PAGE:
Most Americans live dangerously close to poverty


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AntiPovertySoldierA recent survey conducted by the New York-based consumer financial services company Bankrate.com reveals that 66 million Americans have put aside zero savings for an emergency of any kind. I think this raises a number of interesting questions.

There is a commonly held notion, often espoused by banks and financial analysts, that households should maintain a separate emergency fund that can cover at least six months of their normal expenses in the event of a financial crisis or other emergency. Of course, it is highly unlikely, if not next to impossible, that a family living in poverty could accomplish this task.

Furthermore, it seems clear that neither could the tens of millions of Americans who are classified as financially insecure pull together six months’ worth of household expenses.

Who, then, is able to achieve such a feat and ensure that, if things go wrong, they still have a fighting chance to avert complete disaster and maintain their quality of life? As you would readily assume, household income plays a significant role in the ability to put away an emergency fund — or, for that matter, any savings at all.

The Bankrate.com survey demonstrates that only 28 percent of American households currently have emergency savings that would see them through six months. Furthermore, the overwhelming majority of those who fit that category have annual household incomes of more than $75,000. This is in contrast to households earning $30,000 or less, most of whom have saved absolutely nothing.

There really isn’t anything earth-shattering about any of this. The math is pretty easy to understand; the more you make, the easier it is to save, whether you put the money into a regular savings account, an emergency account, or both.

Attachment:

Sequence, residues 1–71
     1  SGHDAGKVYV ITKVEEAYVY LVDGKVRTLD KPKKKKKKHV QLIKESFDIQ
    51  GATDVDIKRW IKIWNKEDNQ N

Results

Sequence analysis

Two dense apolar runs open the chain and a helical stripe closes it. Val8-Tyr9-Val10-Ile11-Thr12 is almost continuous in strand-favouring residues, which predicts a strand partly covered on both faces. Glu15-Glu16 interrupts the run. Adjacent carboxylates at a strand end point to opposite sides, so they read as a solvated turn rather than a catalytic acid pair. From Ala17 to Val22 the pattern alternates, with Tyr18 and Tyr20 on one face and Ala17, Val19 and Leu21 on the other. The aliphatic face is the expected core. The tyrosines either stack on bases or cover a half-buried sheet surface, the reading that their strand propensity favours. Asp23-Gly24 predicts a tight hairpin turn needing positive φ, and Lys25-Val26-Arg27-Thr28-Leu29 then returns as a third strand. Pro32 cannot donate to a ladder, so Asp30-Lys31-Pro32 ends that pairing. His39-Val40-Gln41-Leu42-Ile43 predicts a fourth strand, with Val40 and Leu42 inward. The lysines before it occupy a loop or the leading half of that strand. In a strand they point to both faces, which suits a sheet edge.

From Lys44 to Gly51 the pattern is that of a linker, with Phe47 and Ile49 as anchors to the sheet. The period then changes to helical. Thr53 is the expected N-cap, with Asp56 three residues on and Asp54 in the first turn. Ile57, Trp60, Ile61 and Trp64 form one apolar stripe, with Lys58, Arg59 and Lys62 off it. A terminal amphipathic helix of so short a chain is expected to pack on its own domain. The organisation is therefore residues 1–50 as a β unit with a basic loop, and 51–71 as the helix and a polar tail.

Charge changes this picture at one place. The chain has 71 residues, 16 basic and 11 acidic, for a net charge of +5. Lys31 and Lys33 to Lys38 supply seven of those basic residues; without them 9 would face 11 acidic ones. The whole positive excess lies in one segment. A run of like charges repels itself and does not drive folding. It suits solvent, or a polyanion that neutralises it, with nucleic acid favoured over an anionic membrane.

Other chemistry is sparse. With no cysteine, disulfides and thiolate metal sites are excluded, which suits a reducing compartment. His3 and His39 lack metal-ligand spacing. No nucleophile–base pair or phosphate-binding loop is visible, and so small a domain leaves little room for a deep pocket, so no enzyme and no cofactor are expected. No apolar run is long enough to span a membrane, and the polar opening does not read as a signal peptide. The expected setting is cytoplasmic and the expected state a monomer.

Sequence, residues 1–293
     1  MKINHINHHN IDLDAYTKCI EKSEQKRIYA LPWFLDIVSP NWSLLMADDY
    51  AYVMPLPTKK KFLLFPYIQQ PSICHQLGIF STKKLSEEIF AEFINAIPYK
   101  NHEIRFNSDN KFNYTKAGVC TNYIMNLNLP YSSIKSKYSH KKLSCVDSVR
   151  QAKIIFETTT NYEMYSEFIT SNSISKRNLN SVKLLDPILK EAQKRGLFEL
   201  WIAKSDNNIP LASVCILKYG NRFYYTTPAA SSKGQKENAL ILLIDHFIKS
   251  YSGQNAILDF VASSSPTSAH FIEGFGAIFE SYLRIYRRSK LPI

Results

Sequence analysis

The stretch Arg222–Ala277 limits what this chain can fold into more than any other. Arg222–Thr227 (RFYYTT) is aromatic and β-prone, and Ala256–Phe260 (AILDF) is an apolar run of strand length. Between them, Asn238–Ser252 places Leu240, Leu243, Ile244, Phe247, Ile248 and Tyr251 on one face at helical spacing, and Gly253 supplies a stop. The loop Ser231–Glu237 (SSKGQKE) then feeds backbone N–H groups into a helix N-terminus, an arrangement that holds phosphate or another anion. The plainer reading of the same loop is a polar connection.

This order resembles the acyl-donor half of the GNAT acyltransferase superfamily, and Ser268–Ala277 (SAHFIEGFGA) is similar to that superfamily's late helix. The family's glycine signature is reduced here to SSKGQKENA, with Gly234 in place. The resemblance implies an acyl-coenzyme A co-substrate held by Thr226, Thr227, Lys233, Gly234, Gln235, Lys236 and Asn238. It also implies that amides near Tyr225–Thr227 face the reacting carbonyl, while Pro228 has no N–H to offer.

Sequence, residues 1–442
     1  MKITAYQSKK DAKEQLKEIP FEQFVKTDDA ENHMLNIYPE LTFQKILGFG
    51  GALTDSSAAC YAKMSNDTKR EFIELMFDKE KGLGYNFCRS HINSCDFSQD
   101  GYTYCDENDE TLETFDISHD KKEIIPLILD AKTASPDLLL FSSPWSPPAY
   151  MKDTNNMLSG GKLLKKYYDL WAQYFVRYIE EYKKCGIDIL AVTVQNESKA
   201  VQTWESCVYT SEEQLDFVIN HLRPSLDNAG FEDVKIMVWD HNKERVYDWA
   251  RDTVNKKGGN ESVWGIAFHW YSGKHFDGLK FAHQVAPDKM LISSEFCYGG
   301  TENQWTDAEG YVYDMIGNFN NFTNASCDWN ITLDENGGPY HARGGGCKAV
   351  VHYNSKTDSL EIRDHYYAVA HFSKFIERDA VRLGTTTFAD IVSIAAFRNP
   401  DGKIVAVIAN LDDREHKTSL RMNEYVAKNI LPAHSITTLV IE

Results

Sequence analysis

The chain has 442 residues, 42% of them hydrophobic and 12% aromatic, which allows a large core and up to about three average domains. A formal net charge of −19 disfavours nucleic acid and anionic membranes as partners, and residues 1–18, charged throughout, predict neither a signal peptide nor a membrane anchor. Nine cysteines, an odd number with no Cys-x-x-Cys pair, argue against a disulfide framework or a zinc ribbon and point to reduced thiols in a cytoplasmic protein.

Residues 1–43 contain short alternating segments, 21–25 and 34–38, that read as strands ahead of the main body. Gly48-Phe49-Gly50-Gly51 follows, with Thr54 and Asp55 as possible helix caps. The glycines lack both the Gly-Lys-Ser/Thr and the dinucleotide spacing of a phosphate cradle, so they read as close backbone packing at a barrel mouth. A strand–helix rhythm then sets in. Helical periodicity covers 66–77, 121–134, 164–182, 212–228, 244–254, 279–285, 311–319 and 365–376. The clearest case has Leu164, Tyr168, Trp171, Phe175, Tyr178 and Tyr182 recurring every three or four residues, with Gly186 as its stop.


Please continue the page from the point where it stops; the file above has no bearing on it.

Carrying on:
In spite of this, many experts argue that even low-income households can take measures to maintain and increase their savings. Although this is true, it is nonetheless exceedingly difficult, particularly as living expenses unfailingly increase while wages have generally remained stagnant for decades.

In his 2012 book So Rich So Poor: Why it’s So Hard to End Poverty in America,” anti-poverty activist and scholar Peter Edelman demonstrates exactly how flat American wages have been since the 1970s. Edelman notes that, when considering the rate of inflation, real wages have only increased on average a little less than one-fifth of one percent each year during the last 40 years.

How, then, could any household, whether it is below the federal poverty level or even middle class, be expected to accumulate and maintain six months of expenses for an emergency? Greg McBride, chief financial analyst for Bankrate.com, agrees that it is not only difficult to save but takes a considerable amount of time for most families who do save, “especially because expenses grow faster than many Americans can save during the home-buying, family-raising years.”

When pondering this quote, I think it is important to bring attention to three additional issues. First, a federal survey from 2014 illustrated that most American households are not on pace to save enough for retirement, and nearly one-third of working adults have no retirement savings at all.

Secondly, most American households are unable to save enough to send their kids to college. There are nearly 44 million Americans today who owe well over $1 trillion in student loan debt.

And finally, a 2014 report in The Atlantic shows that in spite of the fact that more than 85 percent of Americans have health insurance, medical debt is “the number-one cause of personal bankruptcy and is responsible for more collections than credit cards.” The report further notes that 40 percent of all Americans are currently carrying debt related to uncovered healthcare expenses.

In considering these trends, 24/7 Wall Street’s Paul Ausick rightly suggests how difficult it must be to save for an emergency when there exist a myriad of other things that one must save for. So when wages do not keep pace as living expenses continue to rise — whether for common, daily expenses or for emergency, educational, health care or retirement needs — what will happen?

Perhaps this is why a number of experts have suggested that in addition to the 50 million Americans currently living in poverty, an estimated 100 million are one financial mishap from becoming poor as well. I wonder if there are not another 100 million or more that might be only two missteps from poverty.

 

Clarence Hightower is the Executive Director of Community Action Partnership of Ramsey & Washington Counties. Dr. Hightower holds a Ph.D. in urban higher education from Jackson State University. He welcomes reader responses to 450 Syndicate Street North, St. Paul, MN 55104.